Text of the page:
This was also when we realized that even the remotest Bhutanese family could converse in Hindi. When I commended them for speaking Hindi so fluently, she told us that they watch a lot of Hindi movies and serials as they get all Indian channels on cable. Talk of cultural exchange, we don’t even know where the influence of our pop culture extends. Even their children travel to India to study, and we came to know that their daughter was studying at Lovely University, Punjab.

Mehr in the traditional Kira


With the kind Yongko La family


Happiness is a purring Kitten


The packs only picture together in the trip


We had a light breakfast and tea but spent a long time just sitting in the sun in front of their grocery store. Spending time in the grocery store was a nice experience. The store stocked a variety of cereal grains, small farming equipment, kitchen utensils and implements, and even clothes. We bought a traditional Bhutanese dress for Mehr. It is somewhat like a Kimono and is known as Kira. A similar traditional dress worn by men is called Gho. The landlady was so delighted to dress Mehr up in the Kira, tucking it with safety pins, as is she was dressing up her own grandchild. Like many other places on the trip, Mehr found a kitten and had a great time playing with it. When we left the place close to noon, it felt as if we were leaving a family behind.

The plan for the day was to continue east to Trashigang prefecture, then take the Southwards axis towards the Indian border. We had not decided where we would stay, but the general target was to reach Wamrong, ~200km away. We started off decently, gaining altitude from the valley floor. After a while of riding, Crash/ came riding up from behind and crossed all of us, and proceeded to ride out of view. We rode on sedately, hoping to see him in a while when we would slow down after letting off some steam. As things would turn out, we would not see Sushant for a large part of the morning. Since we had not bothered to get local SIM cards, there was no way of calling or tracking Sushant. We kept riding not knowing where Sushant was, and whether he was OK. It was a ride tinged with a little apprehension, as I did not expect Sushant to just ride off way ahead of us. After all, we were a pack, and a pack stays together.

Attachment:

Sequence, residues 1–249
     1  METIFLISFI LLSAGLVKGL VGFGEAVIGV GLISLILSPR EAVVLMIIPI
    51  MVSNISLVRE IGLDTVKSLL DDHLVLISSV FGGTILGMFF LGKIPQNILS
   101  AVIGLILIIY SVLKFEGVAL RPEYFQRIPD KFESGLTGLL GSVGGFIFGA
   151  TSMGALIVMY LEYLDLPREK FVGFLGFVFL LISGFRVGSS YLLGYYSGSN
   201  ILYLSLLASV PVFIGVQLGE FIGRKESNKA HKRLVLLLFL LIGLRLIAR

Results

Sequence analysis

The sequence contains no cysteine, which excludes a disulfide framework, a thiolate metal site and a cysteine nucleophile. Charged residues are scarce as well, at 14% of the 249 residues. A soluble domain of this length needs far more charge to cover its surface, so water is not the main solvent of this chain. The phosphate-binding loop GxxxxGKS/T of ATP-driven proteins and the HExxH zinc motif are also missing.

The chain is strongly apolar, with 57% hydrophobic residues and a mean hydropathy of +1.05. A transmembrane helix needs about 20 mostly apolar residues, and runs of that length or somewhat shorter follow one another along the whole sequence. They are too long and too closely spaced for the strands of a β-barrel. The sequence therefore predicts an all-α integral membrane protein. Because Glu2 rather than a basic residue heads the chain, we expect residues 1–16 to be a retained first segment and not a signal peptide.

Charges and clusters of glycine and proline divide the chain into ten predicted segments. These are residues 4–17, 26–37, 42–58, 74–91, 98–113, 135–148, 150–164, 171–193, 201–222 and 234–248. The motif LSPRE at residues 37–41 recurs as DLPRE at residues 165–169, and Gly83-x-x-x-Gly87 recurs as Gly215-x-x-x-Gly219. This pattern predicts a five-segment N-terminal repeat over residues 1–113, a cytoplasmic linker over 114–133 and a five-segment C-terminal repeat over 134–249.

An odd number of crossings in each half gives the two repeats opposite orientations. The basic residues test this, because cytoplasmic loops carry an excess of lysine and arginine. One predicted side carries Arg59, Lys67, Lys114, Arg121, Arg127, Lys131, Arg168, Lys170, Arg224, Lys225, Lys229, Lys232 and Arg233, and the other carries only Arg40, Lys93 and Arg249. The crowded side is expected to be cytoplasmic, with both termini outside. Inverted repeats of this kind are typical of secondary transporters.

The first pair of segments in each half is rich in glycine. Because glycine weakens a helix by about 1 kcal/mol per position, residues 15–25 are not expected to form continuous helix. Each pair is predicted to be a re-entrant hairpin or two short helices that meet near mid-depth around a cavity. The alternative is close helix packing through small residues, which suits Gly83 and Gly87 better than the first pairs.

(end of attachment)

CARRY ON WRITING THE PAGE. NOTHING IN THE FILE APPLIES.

Along the Dangme river, we rode for 2 hours


Chazam Bridge, crossing into Trashigang prefecture


“I got it,” says Mehr


After what seemed like an eternity (really about 3 hours), we caught sight of Sushant riding on the opposite mountain face, some 8-10km ahead. Finally, we caught up with him at Chazam bridge on Dangme river, where the police at the check post had stopped him to check the permits, which were with me. We took a break to take some photographs of the Chazam bridge, which turned out to be iconic of this part of the trip. We quickly climbed up the valley to Trashigang, where we took a break for a quick bite and to refuel. The stop at Trashigang cost an hour and a half, with the restaurant having painfully slow service, with us being the only patrons. When we started towards Wamrong at about 4.30 pm, we had another 80km to go for the day. Just out of Trashigang we ran into ongoing roadwork, which slowed us down considerably. It was already dark and the road became incredibly muddy, with the motorbikes slipping and the spinning wheels struggling to find traction. After an hour and half of riding in mud, interspersed by road rollers, bulldozers, and graders, we realized that we had covered just 15km, and we had another 55km to go to Wamrong. The mood turned cold, as the prospect of a further 3 hours of a ride through mud and slush loomed.